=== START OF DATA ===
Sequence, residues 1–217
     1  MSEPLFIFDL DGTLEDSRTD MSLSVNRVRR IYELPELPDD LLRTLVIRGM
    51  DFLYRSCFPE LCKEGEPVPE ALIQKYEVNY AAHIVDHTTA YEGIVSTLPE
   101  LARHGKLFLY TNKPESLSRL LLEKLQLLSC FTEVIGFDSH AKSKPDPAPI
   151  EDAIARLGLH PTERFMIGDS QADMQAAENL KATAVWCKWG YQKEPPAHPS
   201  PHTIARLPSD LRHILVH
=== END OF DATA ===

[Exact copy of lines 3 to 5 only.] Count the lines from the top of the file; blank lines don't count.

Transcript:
    51  DFLYRSCFPE LCKEGEPVPE ALIQKYEVNY AAHIVDHTTA YEGIVSTLPE
   101  LARHGKLFLY TNKPESLSRL LLEKLQLLSC FTEVIGFDSH AKSKPDPAPI
   151  EDAIARLGLH PTERFMIGDS QADMQAAENL KATAVWCKWG YQKEPPAHPS